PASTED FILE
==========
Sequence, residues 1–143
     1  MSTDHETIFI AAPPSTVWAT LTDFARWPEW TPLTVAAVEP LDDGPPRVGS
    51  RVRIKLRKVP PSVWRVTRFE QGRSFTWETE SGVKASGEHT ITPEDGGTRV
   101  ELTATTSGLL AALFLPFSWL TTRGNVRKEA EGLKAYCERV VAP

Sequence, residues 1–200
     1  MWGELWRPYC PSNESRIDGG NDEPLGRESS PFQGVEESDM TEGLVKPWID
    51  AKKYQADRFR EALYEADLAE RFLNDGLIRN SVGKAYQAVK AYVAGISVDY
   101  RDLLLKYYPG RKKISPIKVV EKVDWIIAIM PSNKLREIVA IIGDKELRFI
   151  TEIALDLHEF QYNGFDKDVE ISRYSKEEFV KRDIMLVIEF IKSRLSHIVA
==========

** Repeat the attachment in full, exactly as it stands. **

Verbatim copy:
Sequence, residues 1–143
     1  MSTDHETIFI AAPPSTVWAT LTDFARWPEW TPLTVAAVEP LDDGPPRVGS
    51  RVRIKLRKVP PSVWRVTRFE QGRSFTWETE SGVKASGEHT ITPEDGGTRV
   101  ELTATTSGLL AALFLPFSWL TTRGNVRKEA EGLKAYCERV VAP

Sequence, residues 1–200
     1  MWGELWRPYC PSNESRIDGG NDEPLGRESS PFQGVEESDM TEGLVKPWID
    51  AKKYQADRFR EALYEADLAE RFLNDGLIRN SVGKAYQAVK AYVAGISVDY
   101  RDLLLKYYPG RKKISPIKVV EKVDWIIAIM PSNKLREIVA IIGDKELRFI
   151  TEIALDLHEF QYNGFDKDVE ISRYSKEEFV KRDIMLVIEF IKSRLSHIVA